It's not clear what his intention was in moving to this slogging, plodding, at times incomprehensible writing style. It's also not clear what this book is supposed to be: is it history, geography, philosophy, political commentary, or simply (actually acutely, painfully, mind-numbing) his attempt to be all of the above in some fanciful mishmash of subject and style. Whatever his intention, the result is the worst I've experienced; and I've had my share of literary slogging. Where was his editor??
Through sheer force of will I sat down each day to plow through another chapter, finding each paragraph filled with unnecessary literary devices that added nothing to the subject, parsing sentences to try to discern his meaning (sometimes failing in frustration), shaking my in head in disbelief that I was spending more time unscrambling his writing than studying the subject. The book is more like a long research paper: collections of other historians' writings that are cut and pasted into narrative paragraphs. There is no new information, just a rephrasing of previous writings. Look at some maps, look in your college history book, and listen to the news: you'll know what's in this book. Throughout he references the writings of Mackinder, Morgenthau, Mahan, Spykman and numerous other historians, and even quotes other writers who have previously referred to those same historians. Historians quoting each other: quite the academic enterprise.
A personal nit I have with Kaplan's style is that he falls for one of the cheap, pedantic devices of turning a proper noun into an adjective; for example, he could refer to his own work as Kaplanesque.Read more ›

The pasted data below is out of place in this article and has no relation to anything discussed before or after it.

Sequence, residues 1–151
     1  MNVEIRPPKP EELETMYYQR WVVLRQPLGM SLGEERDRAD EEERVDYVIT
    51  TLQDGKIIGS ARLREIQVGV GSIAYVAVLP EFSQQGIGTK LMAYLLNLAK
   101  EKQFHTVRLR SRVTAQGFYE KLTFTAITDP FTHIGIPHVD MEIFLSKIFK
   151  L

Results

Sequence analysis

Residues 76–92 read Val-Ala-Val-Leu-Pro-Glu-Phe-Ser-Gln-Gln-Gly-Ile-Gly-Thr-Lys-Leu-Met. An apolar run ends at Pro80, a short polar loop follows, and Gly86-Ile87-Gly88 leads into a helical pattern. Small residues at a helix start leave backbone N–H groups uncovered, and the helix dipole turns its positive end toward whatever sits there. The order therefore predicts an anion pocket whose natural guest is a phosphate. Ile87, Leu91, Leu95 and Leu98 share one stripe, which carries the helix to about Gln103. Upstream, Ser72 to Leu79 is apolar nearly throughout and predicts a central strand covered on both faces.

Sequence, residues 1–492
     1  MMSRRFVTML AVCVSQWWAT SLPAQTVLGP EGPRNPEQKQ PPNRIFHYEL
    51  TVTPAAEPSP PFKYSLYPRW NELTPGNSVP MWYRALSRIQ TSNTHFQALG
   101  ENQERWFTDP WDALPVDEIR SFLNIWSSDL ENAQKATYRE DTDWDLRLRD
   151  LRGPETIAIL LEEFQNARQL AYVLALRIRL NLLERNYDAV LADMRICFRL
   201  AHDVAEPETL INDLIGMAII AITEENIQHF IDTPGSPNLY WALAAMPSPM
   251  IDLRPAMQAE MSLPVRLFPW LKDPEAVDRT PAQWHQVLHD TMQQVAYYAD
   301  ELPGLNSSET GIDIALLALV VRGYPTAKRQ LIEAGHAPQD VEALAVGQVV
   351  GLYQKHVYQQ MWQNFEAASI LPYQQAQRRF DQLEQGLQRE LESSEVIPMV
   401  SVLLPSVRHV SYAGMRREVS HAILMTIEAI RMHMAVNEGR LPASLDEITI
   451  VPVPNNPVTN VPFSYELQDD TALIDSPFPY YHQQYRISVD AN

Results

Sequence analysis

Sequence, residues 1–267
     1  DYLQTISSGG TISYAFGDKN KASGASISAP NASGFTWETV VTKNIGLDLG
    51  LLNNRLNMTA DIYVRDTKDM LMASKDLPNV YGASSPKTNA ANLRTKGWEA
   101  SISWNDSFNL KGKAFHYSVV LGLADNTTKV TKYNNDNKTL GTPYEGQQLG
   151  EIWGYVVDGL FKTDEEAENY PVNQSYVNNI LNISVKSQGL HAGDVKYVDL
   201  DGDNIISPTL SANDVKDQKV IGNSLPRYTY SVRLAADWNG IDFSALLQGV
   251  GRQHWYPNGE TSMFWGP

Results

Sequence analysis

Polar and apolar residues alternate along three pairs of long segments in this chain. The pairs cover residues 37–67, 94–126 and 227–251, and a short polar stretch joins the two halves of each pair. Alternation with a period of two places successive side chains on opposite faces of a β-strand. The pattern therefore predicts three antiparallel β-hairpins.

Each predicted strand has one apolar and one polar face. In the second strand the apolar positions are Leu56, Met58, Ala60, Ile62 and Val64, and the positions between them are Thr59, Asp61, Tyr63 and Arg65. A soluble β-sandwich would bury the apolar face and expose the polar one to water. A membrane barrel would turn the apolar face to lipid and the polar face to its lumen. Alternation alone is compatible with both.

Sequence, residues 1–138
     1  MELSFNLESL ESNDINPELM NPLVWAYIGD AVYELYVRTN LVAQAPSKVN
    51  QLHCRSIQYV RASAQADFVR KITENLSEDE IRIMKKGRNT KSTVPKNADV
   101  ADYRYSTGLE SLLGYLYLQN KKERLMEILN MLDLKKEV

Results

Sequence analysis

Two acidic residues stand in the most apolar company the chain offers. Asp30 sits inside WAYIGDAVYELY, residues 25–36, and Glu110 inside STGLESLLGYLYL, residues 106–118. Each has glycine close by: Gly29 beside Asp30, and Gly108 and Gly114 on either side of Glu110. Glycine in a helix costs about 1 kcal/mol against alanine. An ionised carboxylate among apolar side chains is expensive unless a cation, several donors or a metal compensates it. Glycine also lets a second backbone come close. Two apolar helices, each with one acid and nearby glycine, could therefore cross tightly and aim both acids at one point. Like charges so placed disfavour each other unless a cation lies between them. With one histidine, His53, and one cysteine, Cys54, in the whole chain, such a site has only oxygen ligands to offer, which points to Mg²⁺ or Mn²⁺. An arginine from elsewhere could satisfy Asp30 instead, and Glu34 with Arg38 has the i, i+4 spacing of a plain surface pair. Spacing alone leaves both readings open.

Most Recent Customer Reviews
I'm not "Poli Sci Guy", but have throughly enjoyed Dr. Kaplan's other books. This book starts with some references about past geopolitical theory's, which was a bit... Read morePublished 23 hours ago by Edward O'Donnell
Great book that will broaden your perspective in an allegedly "flat" world.Published 4 days ago by Howard Halvorsen
Outstanding book informed by intelligence, broad background knowledge, and real first-hand experience.Published 7 days ago by Mitch Cohen
I've enjoyed several other Kaplan books but this one was a real chore to get through. Unfortunately the only thing positive I can say is I bought the paperback and not the hard... Read morePublished 1 month ago by bookworm
I'm reading a sample of the Kindle version and have yet to see any maps. How's that possible in a work on political geography?Published 1 month ago by ElDon Timo
I often say that all it takes to screw up the world are powerful "men" who think they know what they are doing. Read morePublished 1 month ago by Jon Moody
For the greater part of my life I have been interested in the geography of the world and how it influences national decision making and subsequent actions. I think Mr. Read morePublished 2 months ago by Walter W. Olson, Ph.D, P.E.
This has turned out to be one of the most enlightening books I have read in recent years. Kaplan’s take on the geographic forces in world history certainly serves as something... Read morePublished 3 months ago by Robert Ross